Summerfield Brings Historic End to Spring

By Paul Costanzo
Special for

June 15, 2019

EAST LANSING – For a program that had never been to a Semifinal prior to this year, Petersburg Summerfield looked awfully comfortable at McLane Stadium. 

The Bulldogs were unfazed by the pressure of playing for their first championship at Michigan State University and capped off a brilliant weekend Saturday with a 9-0 win against Saginaw Nouvel in the MHSAA Division 4 Baseball Final.  

“I preached to them from the first day of practice that we’re going to win the state championship,” Summerfield coach Travis Pant said. “No stage, no matter who we play and on any stage – we went to Decatur and played under the lights. We scheduled some big games, and I just wanted to get them used to the big stage so this was, ‘We’re supposed to be here.’ We just wanted to show that we do belong and that none of this was a fluke up to this point. I really appreciate them just coming out here and playing loose and playing our game.” 

Nobody could possibly look at what the Bulldogs did this postseason as a fluke, as they outscored opponents by a combined 89-2 in the postseason, with shutouts in each of their last three games.  

“Just hit the ball and field the ball; that’s basically all we did,” Summerfield junior pitcher Derek Clark said. “The pitchers threw strikes, the defense – I let them work behind me, and we got hot at the right time.” 

The catalyst for that was a pitching staff led by Clark, who threw a gem Saturday night to shut the Nouvel offense down. Clark went the full seven innings, striking out 11 and allowing four hits and one walk. 

He had plenty of help – some of it he provided himself – and got it early. Just like it had the day before, the Summerfield offense came out hot in the top of the first inning, scoring a pair of runs to put Nouvel in an early hole.  

Sophomore Brock Olmstead opened the scoring with an RBI single, and Clark made it 2-0 when he scored on a squeeze bunt laid down by Brandon Tyler. 

At that point, with Clark about to take the mound, the Summerfield coaches and players felt they were on their way to a title.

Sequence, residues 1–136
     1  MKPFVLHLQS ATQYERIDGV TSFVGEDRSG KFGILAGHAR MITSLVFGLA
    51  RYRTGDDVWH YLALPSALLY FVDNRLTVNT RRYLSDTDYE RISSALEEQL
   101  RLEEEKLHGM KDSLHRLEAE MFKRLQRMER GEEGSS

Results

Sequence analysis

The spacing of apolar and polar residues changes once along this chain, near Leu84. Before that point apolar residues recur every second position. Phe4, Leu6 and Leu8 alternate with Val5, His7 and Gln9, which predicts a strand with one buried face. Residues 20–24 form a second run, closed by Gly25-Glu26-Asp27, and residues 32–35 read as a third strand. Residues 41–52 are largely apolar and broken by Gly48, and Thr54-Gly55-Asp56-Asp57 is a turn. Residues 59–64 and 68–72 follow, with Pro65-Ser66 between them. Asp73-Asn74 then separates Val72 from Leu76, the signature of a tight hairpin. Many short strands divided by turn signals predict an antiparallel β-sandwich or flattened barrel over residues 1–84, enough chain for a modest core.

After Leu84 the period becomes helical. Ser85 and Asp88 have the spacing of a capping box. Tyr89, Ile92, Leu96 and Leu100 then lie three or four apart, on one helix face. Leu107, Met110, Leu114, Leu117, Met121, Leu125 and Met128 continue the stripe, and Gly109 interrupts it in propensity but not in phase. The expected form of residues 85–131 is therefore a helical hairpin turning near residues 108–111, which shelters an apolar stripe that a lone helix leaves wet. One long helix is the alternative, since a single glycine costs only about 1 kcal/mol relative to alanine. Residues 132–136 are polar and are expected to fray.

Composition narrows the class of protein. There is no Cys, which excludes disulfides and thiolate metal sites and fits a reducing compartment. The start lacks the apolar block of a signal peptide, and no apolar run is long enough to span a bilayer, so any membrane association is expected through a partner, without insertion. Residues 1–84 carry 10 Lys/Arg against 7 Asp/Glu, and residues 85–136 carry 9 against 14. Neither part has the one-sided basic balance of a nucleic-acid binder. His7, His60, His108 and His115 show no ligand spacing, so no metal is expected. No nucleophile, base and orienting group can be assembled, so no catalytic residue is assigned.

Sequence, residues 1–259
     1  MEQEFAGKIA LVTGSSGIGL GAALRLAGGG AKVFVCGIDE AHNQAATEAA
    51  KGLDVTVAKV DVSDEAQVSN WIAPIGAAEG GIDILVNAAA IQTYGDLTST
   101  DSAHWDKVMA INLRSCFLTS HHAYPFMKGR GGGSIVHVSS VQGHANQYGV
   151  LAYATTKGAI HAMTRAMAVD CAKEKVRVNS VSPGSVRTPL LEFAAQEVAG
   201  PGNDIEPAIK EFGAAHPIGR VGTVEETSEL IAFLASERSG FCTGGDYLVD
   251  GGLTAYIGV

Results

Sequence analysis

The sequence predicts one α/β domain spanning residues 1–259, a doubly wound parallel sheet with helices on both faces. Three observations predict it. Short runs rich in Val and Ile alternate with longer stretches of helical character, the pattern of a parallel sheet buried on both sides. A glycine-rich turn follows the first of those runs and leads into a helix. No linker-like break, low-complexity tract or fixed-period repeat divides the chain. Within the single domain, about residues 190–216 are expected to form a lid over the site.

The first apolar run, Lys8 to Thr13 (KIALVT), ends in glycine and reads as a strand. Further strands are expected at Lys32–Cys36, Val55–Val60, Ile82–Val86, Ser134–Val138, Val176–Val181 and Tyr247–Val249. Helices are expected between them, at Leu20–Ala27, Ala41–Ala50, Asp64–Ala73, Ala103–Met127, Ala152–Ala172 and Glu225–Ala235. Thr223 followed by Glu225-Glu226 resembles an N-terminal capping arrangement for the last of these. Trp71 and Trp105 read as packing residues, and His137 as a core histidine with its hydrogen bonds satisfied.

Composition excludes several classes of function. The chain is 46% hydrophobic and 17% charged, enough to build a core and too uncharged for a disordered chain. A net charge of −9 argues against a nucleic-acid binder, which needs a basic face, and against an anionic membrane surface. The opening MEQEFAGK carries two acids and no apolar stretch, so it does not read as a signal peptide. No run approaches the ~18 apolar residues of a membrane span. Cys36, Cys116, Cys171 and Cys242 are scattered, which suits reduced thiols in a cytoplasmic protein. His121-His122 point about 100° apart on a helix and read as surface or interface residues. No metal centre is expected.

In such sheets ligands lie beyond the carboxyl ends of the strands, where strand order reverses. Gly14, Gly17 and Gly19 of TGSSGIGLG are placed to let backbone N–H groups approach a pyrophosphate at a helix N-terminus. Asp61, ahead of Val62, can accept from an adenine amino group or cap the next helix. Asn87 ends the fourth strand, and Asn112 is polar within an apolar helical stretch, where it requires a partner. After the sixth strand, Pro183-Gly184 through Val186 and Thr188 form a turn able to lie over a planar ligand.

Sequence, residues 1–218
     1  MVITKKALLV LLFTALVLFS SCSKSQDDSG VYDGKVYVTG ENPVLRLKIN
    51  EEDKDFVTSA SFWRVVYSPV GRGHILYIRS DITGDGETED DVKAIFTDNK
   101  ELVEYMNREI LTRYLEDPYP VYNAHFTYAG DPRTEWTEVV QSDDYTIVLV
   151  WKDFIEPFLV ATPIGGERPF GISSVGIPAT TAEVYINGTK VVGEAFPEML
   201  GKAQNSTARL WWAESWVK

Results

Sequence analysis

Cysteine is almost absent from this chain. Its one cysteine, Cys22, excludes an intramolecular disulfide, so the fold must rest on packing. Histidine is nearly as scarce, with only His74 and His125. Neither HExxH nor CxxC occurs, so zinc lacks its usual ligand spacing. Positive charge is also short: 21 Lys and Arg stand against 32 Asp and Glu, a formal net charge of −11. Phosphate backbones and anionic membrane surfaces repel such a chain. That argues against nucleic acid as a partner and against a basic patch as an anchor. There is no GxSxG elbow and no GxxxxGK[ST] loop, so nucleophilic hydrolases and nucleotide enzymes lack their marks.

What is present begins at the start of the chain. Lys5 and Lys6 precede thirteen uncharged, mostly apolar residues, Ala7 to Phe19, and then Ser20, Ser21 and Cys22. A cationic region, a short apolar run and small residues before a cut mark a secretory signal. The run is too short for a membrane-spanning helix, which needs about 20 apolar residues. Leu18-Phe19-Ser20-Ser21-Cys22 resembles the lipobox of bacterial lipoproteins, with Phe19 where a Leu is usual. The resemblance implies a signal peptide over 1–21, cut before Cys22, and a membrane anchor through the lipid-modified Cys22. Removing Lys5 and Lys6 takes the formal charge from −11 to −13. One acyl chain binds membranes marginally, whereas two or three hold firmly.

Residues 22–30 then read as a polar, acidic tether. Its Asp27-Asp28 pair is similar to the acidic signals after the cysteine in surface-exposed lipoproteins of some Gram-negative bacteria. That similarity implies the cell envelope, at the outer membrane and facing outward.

“We don’t give up a lot of runs, so I knew that if we could hop on a team, we could be all right with Derek on the mound,” Pant said. “(Clark) has pitched a lot of big games – he pitched a league championship, a District championship, a Super Regional Final and a state championship and didn’t give up a run in any of those games. You look at it, and it is outrageous.” 

Nouvel (15-17-1) threatened in the bottom of the fourth inning, getting three straight singles to load the bases with two outs. But Clark was able to get a strikeout to end the threat. 

In the next half inning, the Bulldogs (28-4) were able to get a run out of seemingly nowhere and go up 3-0. With two outs, Olmstead attempted to steal third, and as he neared the bag, the throw from the catcher went into left field, as the third baseman had charged toward the plate to defend a possible bunt.  

Clark blew the game open in the top of the sixth with a three-run triple after a rally started by the bottom of the Bulldogs order. No. 8 hitter Bryce Smith started it with a single, which was followed by a single from pinch hitter Kirk Knerr, and a perfectly placed bunt by leadoff hitter Brendan Dafoe to load the bases for Clark. One batter later, Clark was driven in by a sacrifice fly to left from Olmstead to make the score 7-0.